Thursday, April 22, 2010

Can Tramadol treat period pain?

There is a real problem. It is called medicalization, i.e. the process of taking something entirely natural and converting it into a disease or disorder that can then be cured by doctors (usually men). We have now reached the point where every part of the female reproductive cycle has been redefined so as to require treatment (how very caring and patriarchal of the men). It starts in puberty, goes through menstruation, infects the processes of fertility, conception and birth, and pursues aging women into the menopause. The most obvious continuing "problem" is premenstrual tension (sometimes referred to as a "syndrome" to make it sound more like a deadly disease). This affects all women to some degree with a small percentage being so badly affected they must take time off work. We have now reached the point where PMS is socially constructed as a disorder, i.e. doctors have brainwashed women into believing most of the symptoms associated with menstruation constitute a disorder. The approaches to treatment begin with reassurance and what is politely called counseling. It seems women need to be taught coping strategies so they can get on with their lives. Diet and nutrition are changed. Calcium and other substances are added. Hormones are administered in the desire to re-establish the right balance, and diuretics reduce the water retention. If all this dramatic cycle of medical effort fails, we are then into classifying this as the more serious Premenstrual Dysphoric Disorder and the treatments begin with the more powerful antidepressants, reflecting the fact that the mind as well as the body are obviously disordered.

Finding it difficult to swim against the cultural tide and feeling that they should "do" something, some women have been turning to alternative methods. These range from relaxation techniques, through yoga and other forms of physical exercise, to acupuncture. Acupuncture is perhaps the most interesting because it has the longest medical track record as a part of Traditional Chinese Medicine. Throughout China and South East Asia, women routinely go for acupuncture to relieve the cramps associated with menstruation. It is deeply embedded into local culture as the safe and effective way of treating the discomfort or pain. Unfortunately, women in the West are more skeptical and such formal research as exists for the use of acupuncture in the US and Europe finds no clear evidence of benefit.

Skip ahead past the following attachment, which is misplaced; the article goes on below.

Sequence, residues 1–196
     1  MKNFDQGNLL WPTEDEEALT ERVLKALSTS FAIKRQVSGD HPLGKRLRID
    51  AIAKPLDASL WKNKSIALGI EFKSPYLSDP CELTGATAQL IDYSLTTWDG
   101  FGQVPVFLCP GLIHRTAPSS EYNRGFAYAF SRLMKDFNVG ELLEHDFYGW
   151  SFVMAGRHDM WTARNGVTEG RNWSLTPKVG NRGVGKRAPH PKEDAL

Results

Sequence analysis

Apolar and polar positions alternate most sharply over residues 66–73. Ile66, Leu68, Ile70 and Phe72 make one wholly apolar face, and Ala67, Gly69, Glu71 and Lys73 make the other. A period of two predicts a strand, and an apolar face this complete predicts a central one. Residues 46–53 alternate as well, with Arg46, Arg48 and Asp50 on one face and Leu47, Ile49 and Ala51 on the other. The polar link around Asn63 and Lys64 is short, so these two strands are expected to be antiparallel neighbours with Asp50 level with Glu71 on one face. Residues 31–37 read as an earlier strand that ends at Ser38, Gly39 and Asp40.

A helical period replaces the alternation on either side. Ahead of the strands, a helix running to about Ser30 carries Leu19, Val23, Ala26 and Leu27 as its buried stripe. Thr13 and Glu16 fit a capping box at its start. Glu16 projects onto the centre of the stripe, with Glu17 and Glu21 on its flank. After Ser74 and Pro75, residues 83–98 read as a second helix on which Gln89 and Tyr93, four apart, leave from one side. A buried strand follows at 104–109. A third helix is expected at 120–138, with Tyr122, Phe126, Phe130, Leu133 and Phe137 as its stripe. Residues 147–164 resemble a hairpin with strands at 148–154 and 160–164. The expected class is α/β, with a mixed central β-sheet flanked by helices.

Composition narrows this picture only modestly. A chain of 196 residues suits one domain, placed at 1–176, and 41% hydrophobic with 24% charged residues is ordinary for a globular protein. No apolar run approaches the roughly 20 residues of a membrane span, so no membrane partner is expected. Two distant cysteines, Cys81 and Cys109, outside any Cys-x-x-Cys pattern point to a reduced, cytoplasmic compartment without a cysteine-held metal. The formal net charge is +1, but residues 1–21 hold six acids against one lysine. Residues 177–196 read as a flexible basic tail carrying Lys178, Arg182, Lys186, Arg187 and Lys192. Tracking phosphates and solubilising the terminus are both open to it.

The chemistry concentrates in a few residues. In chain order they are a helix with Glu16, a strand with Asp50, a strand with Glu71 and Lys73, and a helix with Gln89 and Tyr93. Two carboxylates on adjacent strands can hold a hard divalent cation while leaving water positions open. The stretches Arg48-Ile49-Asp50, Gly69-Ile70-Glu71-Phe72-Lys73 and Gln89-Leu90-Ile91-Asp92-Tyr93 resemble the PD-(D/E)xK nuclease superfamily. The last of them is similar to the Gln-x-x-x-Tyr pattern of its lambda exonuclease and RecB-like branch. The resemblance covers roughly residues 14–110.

All of which brings us to the simple approach. There is no need to treat menstruation as any different from all other causes of discomfort or pain. If you experience low intensity pain, you take one of the nonsteroidal anti-inflammatory drugs. If the pain is moderate to severe, you buy tramadol online and take that. There is no need to suffer - martyrdom should not be a part of your psychological make-up. The standard painkillers are all that is needed in the majority of cases. Should this prove ineffective, it will be evidence of a more serious underlying cause that genuinely does need investigation by your regular healthcare professional. It is possible that all you need is a different painkiller, but a check-up, if necessary by a specialist, should identify the cause of the pain and recommend treatment for the genuine disease or disorder. Otherwise, stay with the conventional painkillers or, if you want something slightly different, try tramadol apap - a combination drug that some people find easier on the stomach.


Post a Comment